“Port Talbot is a steel town, where everything is covered with a grey iron ore dust. Even the beach is completely littered with dust, it’s just black. The sun was setting, and it was really quite beautiful. The contrast was extraordinary. I had this image of a guy sitting there on this dingy beach with a portable radio, tuning in these strange Latin escapist songs like ‘Brazil.’ The music transported him somehow and made his world less grey.”–Terry Gilliam on his inspiration for the title Brazil
DIRECTED BY: Terry Gilliam
PLOT: Sam Lowry is a lowly, unambitious bureaucrat working in the Records Department in an authoritarian society “somewhere in the Twentieth century” who frequently dreams he is a winged man fighting a giant robotic samurai to save a beautiful woman. An error results in the government picking up a Mr. Buttle as a suspected terrorist instead of a Mr. Tuttle; Buttle dies during interrogation. Sam visits Buttle’s widow to deliver a refund check for her dead husband, and finds that the upstairs neighbor, Jill, looks exactly like his dream woman; he transfers to the “Information Retrieval” Department to access Jill’s personal files and learn more about her, but ends up running afoul of powerful government interests.
- Brazil is the second part of Gilliam’s unofficial “Imagination” trilogy, which began with Time Bandits and ended with The Adventures of Baron Munchausen. Time Bandits is told from the perspective of a child, Brazil from that of an adult, and Munchausen from an elderly man. Katherine Helmond, Ian Holm and Monty Python buddy Michael Palin all appeared in Time Banditsas well.
- Terry Gilliam co-wrote the script for Brazil with Charles McKeown (who also plays Harvey Lime here, and would later collaborate on the scripts for The Adventures of Baron Munchausen and The Imaginarium of Dr. Parnassus) and playwright Tom Stoppard. The three together were nominated for a Best Original Screenplay Oscar. Novelist Charles Alverson also worked on an early version of the script, but he and Gilliam had a falling out and he was not credited for his work, although he was paid.
- Besides Best Original Screenplay, Brazil was also nominated for a Best Art Direction Oscar.
- The movie is named after its theme song, Ary Baroso’s 1939 “Aquarela do Brazil” [“Watercolors of Brazil”]. “Brazil” represents the exotic, colorful world (with an amber moon) that Sam dreams of escaping to. According to one story, the film was originally to be titled 1984 1/2, but the title was dropped over worries about lawsuits from George Orwell’s estate (a fine adaptation of 1984 had been released the previous year).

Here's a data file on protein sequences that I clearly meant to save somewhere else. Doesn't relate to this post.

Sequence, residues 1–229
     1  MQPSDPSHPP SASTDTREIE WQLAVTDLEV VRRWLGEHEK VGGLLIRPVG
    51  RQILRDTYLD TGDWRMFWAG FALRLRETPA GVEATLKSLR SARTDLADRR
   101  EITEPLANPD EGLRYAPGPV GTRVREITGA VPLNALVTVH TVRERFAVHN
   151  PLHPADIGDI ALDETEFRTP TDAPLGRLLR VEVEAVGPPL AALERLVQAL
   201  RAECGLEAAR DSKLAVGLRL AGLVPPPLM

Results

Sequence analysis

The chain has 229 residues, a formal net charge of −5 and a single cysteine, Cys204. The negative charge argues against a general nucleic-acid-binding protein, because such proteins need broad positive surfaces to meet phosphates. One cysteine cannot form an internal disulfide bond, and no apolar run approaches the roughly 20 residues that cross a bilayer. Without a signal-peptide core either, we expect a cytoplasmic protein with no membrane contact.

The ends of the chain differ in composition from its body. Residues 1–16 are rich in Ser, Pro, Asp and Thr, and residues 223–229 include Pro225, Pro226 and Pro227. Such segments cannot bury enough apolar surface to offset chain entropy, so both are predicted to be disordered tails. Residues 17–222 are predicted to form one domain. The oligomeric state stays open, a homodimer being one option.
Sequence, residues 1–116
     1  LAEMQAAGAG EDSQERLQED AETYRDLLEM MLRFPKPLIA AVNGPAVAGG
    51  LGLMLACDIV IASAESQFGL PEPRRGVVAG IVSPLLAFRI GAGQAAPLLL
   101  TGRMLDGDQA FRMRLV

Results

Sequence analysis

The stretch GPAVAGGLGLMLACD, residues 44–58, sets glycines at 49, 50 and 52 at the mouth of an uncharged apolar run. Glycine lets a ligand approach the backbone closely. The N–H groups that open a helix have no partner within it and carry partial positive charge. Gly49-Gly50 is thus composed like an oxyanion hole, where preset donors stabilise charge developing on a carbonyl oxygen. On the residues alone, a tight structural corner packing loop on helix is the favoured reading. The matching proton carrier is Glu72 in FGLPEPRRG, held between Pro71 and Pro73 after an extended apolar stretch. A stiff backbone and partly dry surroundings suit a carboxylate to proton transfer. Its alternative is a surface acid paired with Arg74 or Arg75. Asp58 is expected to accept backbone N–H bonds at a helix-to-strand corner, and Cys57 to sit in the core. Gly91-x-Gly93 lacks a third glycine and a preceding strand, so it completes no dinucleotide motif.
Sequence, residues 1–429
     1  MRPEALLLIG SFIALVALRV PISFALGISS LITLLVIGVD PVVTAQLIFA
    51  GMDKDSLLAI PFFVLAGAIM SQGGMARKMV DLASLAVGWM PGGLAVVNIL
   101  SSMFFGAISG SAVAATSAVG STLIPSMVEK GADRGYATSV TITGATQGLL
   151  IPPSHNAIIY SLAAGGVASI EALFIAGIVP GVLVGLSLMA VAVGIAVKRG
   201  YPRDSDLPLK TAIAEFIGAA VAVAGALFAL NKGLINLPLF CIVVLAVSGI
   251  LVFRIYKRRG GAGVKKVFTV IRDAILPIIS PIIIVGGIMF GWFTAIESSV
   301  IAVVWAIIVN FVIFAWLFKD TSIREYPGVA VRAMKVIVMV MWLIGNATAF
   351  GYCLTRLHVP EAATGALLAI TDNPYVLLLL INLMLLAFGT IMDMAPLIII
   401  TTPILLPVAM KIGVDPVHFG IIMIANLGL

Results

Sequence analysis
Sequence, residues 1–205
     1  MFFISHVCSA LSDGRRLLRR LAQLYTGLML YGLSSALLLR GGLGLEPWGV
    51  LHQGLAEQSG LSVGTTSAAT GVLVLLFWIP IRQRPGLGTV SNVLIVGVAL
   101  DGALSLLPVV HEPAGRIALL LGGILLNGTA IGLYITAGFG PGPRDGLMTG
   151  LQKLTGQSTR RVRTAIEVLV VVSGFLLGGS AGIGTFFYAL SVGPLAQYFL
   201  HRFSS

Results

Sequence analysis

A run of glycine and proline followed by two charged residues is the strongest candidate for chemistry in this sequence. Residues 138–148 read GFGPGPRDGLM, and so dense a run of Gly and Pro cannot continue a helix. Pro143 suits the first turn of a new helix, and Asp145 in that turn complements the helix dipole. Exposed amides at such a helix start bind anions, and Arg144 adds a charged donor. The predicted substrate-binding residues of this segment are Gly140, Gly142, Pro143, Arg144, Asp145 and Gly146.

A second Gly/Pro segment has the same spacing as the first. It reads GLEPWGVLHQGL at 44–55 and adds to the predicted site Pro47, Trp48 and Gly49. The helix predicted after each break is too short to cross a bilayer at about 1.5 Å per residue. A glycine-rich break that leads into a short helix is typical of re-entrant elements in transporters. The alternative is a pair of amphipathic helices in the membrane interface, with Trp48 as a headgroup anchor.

- Robert De Niro read the script and lobbied to play the part of Jack, but Gilliam turned the star down because he wanted Palin in the role. De Niro accepted the role of Tuttle instead.
- Brazil has a legendary distribution story. The film was released overseas in Gilliam’s original cut, but in the U.S. Universal Studios did not like the unhappy ending and attempted to recut the film, reducing it from 142 minutes to 94 minutes and editing the ending in an attempt to give it a happy ending. (This studio cut of the film later played on television and has been dubbed the “Love Conquers All” version of Brazil). Gilliam opposed the changes and feuded publicly with Universal Studios head Sid Sheinberg, blaming him personally for holding up the movie’s release, appearing on the television program “Good Morning America” and holding up a picture of Sheinberg, and paying for a full page ad in Variety reading “Dear Sid Sheinberg, when are you going to release my movie?” Against studio orders, Gilliam screened the uncut film for free at the University of Southern California. Curious critics attended the screenings, and before the movie had been released to U.S. theaters, the Los Angeles Film Critics voted Brazil Best Picture of 1985. In a compromise agreed to by Gilliam, Universal cut only 11 minutes from the complete version, left the unhappy ending largely intact, and released the movie soon after (reportedly so as not to jeopardize its chances at winning an Academy Award).
- Calling its style “retro-futurism,” Marc Caro and Jean-Pierre Jeunet credit Brazil‘s art design with influencing their vision for Delicatessen and The City of Lost Children. Brazil’s junkyard of the future look also directly inspired the visual sensibilities of movies such as Dark City, Tim Burton‘s Batman, and 2011’s Sucker Punch.
INDELIBLE IMAGE: Some may nominate Sam’s dream of soaring as a mechanical angel battling a giant robotic samurai, or the torturer posed in his decrepit doll’s mask in the foreground with his tiny victim chained in the center of a massive open-air tower in the distant background, but it’s Katherine Helmond’s personal plastic surgeon gripping and stretching her facial flab impossibly tight that’s the most striking, incisive and unexpected of Brazil‘s many visual non sequiturs.
WHAT MAKES IT WEIRD: Terry Gilliam explained his vision for the milieu he molds in Brazil as one that’s “very much like our world” but “just off by five degrees.” He was shooting for an atmosphere that’s uncannily familiar, something just strange enough to shock the viewer while still highlighting the absurdities of modern existence. Watching Brazil‘s many surreal touches—as when what appears to be a giant boozing tramp peers over a horizon dominated by cooling towers painted sky blue with white clouds—most viewers will conclude Gilliam overshot the five degrees at which he was aiming. But in the unlikely event the rest of the film isn’t strange enough for you, wait for the finale in which Gilliam pulls out reality’s remaining stops, including a scene where a man is literally killed by paperwork.
Original trailer for Brazil
COMMENTS: Terry Gilliam wasn’t kidding when he located Brazil “somewhere in the Continue reading 85. BRAZIL (1985)